BACKGROUND: More knowledge about the long-term impact of sperm donation is essential as the donor's attitude towards donation may change over time. Personal and social developments may prompt a rethinking of previous actions and decisions, or even regret. Thus, the aim of this study was to explore the experiences and attitudes of men who were sperm donors more than 10 years ago.
METHODS: From May to September 2021, semi-structured, qualitative interviews were conducted with 23 former donors (> 10 years since last donation) from Cryos International sperm bank. Two participants were non-anonymous donors and 21 were anonymous. The interviews were conducted by phone or via video (mean 24 minutes). All interviews were recorded, transcribed verbatim and rendered anonymous. Data were analyzed using thematic analysis.
RESULTS: The analysis showed that most men had been donors for monetary and altruistic purposes, and now considered sperm donation as a closed chapter that was 'unproblematic and in the past'. Most men valued anonymity and emphasized the non-relatedness between donor and donor conceived offspring. Knowledge about recipients and donor offspring was seen as 'damaging' as it could create unwanted feelings of relatedness and responsibility towards them. All men acknowledged donor conceived persons' potential interests in knowing about their genetic heritage in order to understand appearance and personal traits, but also emphasized the donors' rights to anonymity. Potential breach of anonymity was generally considered 'highly problematic' as it was expected to disturb their families and force a relationship on them.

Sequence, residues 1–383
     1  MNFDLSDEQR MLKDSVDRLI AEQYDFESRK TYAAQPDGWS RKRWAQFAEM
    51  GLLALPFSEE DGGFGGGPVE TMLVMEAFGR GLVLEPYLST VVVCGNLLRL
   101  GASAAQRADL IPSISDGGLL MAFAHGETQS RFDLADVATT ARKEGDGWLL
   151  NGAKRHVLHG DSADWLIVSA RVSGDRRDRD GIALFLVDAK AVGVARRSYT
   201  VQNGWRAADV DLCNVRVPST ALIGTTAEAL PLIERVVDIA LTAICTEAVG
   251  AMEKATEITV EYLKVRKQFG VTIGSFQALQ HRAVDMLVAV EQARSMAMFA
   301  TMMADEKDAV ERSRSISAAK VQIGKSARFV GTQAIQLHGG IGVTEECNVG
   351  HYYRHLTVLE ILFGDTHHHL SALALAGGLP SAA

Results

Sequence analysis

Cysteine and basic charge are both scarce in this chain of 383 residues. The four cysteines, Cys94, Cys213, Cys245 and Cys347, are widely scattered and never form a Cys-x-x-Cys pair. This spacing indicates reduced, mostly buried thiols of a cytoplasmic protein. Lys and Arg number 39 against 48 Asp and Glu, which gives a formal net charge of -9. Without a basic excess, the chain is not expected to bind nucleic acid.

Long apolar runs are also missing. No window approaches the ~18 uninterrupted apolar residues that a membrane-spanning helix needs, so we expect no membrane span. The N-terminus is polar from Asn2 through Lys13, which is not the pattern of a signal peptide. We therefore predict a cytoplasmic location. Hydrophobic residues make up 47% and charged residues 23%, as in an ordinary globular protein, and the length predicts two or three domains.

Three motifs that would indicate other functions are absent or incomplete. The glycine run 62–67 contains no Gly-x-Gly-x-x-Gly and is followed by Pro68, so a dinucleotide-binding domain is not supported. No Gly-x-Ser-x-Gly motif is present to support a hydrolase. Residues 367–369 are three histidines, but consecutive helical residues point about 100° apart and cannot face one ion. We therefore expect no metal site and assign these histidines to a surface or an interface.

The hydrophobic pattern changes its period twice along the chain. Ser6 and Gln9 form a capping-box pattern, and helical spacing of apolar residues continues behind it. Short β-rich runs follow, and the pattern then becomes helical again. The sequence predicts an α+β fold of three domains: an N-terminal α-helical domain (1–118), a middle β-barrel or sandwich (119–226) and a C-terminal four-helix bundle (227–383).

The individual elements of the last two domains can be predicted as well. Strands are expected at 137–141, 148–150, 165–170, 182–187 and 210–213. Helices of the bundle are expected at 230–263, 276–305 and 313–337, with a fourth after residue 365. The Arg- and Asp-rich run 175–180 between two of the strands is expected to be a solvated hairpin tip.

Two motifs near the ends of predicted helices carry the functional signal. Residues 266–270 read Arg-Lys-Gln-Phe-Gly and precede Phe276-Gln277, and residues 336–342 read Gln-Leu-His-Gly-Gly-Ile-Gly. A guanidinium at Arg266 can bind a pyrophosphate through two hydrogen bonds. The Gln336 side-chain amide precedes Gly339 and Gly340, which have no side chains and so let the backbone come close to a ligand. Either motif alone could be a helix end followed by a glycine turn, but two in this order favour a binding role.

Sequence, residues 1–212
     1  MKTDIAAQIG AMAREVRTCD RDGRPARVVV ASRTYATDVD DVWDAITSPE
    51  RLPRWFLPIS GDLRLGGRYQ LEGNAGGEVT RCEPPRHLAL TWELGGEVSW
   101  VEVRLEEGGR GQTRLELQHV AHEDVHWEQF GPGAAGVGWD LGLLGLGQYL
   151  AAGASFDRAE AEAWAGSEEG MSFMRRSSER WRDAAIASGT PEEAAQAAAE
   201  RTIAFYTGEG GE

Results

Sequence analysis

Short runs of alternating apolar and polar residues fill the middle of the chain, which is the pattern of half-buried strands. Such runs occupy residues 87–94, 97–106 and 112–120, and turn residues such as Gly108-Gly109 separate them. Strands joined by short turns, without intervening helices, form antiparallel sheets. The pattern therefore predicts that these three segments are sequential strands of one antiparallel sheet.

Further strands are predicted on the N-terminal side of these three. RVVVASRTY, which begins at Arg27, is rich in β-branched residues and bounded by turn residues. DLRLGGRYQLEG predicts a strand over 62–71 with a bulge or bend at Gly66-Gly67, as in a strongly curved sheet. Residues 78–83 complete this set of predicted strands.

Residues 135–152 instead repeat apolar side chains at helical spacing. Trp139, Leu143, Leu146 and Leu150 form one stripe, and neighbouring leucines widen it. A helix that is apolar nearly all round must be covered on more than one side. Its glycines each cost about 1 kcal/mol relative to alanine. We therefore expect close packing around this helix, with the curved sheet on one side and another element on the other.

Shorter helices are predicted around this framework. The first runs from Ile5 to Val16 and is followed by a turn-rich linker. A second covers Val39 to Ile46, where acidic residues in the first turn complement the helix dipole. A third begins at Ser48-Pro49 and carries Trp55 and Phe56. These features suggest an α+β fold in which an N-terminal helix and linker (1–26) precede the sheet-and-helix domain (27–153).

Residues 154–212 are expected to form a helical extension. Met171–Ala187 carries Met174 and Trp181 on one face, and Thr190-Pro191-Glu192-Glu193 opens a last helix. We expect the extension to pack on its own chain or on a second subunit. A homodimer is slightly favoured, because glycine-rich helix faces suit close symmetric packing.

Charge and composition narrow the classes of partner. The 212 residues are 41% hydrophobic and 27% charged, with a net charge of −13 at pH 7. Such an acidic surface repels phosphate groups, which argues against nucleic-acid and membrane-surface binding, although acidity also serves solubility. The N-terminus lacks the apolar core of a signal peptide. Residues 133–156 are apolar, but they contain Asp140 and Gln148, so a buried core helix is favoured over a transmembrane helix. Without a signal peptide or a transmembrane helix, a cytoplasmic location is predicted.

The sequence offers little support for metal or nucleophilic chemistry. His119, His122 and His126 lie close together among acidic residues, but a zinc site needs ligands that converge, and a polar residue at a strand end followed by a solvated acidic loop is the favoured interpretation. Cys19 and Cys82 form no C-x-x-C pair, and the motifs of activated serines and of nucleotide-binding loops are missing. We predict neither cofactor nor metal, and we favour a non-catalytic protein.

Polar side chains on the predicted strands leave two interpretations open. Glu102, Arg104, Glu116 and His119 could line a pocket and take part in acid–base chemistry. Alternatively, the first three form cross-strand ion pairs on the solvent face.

CONCLUSION: This study reports on former donors who might not have volunteered for research due to lack of interest or protection of privacy. The majority of men valued anonymity and clearly demarcated a line between sperm donation and fatherhood, which was enforced by not knowing about the donor offspring or recipients.
|Publication status||Published - 15 Feb 2023|
Bibliographical noteCopyright: © 2023 Lou et al. This is an open access article distributed under the terms of the Creative Commons Attribution License, which permits unrestricted use, distribution, and reproduction in any medium, provided the original author and source are credited.
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